Israel will loosen its Passover ban on travel between Judea and Samaria (the West Bank) and Jerusalem to allow Arab Christians to celebrate Easter in the city.
The Israeli Defense Forces (IDF) traditionally imposes a closure of checkpoints during the week-long Passover holiday to prevent terrorist attacks.
The closure between Israel and the West Bank has generally been in effect since Passover 2002, when a suicide bomber killed 30 Israelis and wounded more than 140 at a hotel in the seaside town of Netanya.
This year, Israel will issue travel permits for the approximately 10,000 Arab Christians who live in Judea and Samaria and another 500 who live in the Gaza Strip to visit families and take part in Easter services.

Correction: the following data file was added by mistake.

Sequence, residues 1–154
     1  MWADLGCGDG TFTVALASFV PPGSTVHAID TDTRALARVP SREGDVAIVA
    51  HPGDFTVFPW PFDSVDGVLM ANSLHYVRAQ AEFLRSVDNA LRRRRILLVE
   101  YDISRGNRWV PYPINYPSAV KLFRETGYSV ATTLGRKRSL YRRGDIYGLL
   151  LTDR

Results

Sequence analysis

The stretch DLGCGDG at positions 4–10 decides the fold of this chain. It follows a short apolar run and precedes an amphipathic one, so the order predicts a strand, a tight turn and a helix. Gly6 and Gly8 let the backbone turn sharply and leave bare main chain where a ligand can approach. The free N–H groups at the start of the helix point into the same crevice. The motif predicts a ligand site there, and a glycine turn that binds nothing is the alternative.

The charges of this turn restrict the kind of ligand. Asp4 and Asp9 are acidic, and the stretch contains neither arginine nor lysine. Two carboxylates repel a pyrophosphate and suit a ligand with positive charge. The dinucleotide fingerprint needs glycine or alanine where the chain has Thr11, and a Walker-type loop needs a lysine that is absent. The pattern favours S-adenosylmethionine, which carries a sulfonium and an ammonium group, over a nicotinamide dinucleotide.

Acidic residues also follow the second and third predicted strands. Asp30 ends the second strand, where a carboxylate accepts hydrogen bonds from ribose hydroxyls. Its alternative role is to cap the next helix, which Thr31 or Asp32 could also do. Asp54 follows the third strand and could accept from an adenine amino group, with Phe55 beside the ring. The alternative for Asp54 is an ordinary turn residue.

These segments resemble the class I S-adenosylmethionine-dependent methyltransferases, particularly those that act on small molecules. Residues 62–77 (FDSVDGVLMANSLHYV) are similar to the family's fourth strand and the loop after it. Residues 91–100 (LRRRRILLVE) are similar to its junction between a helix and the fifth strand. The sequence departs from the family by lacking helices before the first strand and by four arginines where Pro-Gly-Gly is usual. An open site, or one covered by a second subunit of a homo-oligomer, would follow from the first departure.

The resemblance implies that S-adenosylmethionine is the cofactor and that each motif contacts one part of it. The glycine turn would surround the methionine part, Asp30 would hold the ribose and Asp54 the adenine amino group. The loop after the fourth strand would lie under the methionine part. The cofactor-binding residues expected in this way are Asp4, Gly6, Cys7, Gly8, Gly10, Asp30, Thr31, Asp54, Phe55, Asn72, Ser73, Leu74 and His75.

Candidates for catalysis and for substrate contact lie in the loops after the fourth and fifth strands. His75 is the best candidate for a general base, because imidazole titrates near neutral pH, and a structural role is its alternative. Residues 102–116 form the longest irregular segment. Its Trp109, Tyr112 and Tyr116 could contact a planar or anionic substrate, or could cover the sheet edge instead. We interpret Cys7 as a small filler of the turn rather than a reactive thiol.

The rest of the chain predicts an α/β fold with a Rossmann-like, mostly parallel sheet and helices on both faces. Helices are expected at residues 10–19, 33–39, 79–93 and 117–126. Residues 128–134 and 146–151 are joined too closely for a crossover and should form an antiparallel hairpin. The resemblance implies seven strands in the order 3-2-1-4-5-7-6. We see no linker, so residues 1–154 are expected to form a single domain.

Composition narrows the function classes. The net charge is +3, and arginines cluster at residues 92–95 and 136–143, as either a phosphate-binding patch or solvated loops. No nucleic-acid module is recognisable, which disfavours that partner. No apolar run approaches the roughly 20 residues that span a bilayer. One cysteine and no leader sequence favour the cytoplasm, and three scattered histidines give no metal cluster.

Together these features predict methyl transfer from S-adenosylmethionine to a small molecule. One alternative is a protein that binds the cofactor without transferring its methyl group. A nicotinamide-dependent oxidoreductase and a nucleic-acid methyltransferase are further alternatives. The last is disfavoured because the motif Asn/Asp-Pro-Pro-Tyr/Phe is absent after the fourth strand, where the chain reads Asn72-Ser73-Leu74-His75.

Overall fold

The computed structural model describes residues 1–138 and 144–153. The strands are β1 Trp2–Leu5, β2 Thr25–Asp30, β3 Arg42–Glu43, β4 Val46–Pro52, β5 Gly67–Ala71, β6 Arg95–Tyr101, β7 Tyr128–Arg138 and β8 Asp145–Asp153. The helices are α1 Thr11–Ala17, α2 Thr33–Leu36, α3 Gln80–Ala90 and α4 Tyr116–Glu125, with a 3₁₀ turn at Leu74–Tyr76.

Professionals such as doctors, lawyers, and teachers, as well as humanitarian workers and religious leaders, will also have access to travel permits.
Only Arab Muslims over the age of 50 will be allowed for Friday prayers on the Temple Mount. Jews will not have access to the area during the holiday for security reasons.
A religious Jew was arrested Monday for allegedly trying to sacrifice a goat on the Temple Mount.
Sources: IsraelNationalNews, The Jerusalem Post